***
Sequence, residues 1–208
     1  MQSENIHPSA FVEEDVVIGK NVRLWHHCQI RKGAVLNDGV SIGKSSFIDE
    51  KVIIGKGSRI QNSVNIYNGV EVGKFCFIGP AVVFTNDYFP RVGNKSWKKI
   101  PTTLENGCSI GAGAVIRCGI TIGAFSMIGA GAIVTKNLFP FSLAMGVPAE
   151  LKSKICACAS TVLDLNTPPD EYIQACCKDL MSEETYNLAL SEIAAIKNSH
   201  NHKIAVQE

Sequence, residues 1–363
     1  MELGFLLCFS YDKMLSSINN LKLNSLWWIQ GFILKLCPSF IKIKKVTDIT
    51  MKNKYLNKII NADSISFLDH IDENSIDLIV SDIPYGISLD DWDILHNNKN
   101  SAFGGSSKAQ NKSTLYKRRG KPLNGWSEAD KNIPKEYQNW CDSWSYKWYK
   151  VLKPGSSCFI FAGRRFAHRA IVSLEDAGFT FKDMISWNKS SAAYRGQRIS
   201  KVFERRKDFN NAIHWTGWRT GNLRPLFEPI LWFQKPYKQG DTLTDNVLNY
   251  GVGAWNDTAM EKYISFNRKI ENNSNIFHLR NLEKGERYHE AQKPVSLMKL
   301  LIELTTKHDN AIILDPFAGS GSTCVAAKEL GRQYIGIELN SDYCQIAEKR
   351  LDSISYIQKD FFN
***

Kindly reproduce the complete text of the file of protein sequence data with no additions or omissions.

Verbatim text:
Sequence, residues 1–208
     1  MQSENIHPSA FVEEDVVIGK NVRLWHHCQI RKGAVLNDGV SIGKSSFIDE
    51  KVIIGKGSRI QNSVNIYNGV EVGKFCFIGP AVVFTNDYFP RVGNKSWKKI
   101  PTTLENGCSI GAGAVIRCGI TIGAFSMIGA GAIVTKNLFP FSLAMGVPAE
   151  LKSKICACAS TVLDLNTPPD EYIQACCKDL MSEETYNLAL SEIAAIKNSH
   201  NHKIAVQE

Sequence, residues 1–363
     1  MELGFLLCFS YDKMLSSINN LKLNSLWWIQ GFILKLCPSF IKIKKVTDIT
    51  MKNKYLNKII NADSISFLDH IDENSIDLIV SDIPYGISLD DWDILHNNKN
   101  SAFGGSSKAQ NKSTLYKRRG KPLNGWSEAD KNIPKEYQNW CDSWSYKWYK
   151  VLKPGSSCFI FAGRRFAHRA IVSLEDAGFT FKDMISWNKS SAAYRGQRIS
   201  KVFERRKDFN NAIHWTGWRT GNLRPLFEPI LWFQKPYKQG DTLTDNVLNY
   251  GVGAWNDTAM EKYISFNRKI ENNSNIFHLR NLEKGERYHE AQKPVSLMKL
   301  LIELTTKHDN AIILDPFAGS GSTCVAAKEL GRQYIGIELN SDYCQIAEKR
   351  LDSISYIQKD FFN